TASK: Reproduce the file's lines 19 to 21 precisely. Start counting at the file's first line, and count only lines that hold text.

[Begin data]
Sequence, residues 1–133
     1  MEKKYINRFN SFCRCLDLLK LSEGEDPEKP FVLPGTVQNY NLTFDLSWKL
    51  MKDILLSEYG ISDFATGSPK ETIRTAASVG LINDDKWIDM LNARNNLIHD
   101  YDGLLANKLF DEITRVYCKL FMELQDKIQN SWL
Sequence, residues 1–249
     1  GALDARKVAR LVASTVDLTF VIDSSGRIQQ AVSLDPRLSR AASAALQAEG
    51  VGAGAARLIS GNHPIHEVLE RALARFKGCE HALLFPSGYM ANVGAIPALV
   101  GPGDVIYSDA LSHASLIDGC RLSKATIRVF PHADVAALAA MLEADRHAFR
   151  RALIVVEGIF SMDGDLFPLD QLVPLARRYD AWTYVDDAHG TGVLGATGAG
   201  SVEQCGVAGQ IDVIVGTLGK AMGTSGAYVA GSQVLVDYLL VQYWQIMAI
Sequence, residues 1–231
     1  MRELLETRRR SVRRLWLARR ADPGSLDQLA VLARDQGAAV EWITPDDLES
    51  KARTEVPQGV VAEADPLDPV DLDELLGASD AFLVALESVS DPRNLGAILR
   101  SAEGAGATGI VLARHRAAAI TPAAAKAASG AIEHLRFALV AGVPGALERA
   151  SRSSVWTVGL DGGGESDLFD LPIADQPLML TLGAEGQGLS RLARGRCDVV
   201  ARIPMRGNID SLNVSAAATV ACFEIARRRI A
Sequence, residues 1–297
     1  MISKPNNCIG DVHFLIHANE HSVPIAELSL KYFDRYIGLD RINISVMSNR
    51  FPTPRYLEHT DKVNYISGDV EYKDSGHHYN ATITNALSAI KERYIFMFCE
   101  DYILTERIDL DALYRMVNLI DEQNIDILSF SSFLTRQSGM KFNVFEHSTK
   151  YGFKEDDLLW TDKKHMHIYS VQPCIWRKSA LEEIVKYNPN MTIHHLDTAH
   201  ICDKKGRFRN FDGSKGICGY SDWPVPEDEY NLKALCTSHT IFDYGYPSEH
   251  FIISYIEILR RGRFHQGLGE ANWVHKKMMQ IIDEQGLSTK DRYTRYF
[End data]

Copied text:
    51  FPTPRYLEHT DKVNYISGDV EYKDSGHHYN ATITNALSAI KERYIFMFCE
   101  DYILTERIDL DALYRMVNLI DEQNIDILSF SSFLTRQSGM KFNVFEHSTK
   151  YGFKEDDLLW TDKKHMHIYS VQPCIWRKSA LEEIVKYNPN MTIHHLDTAH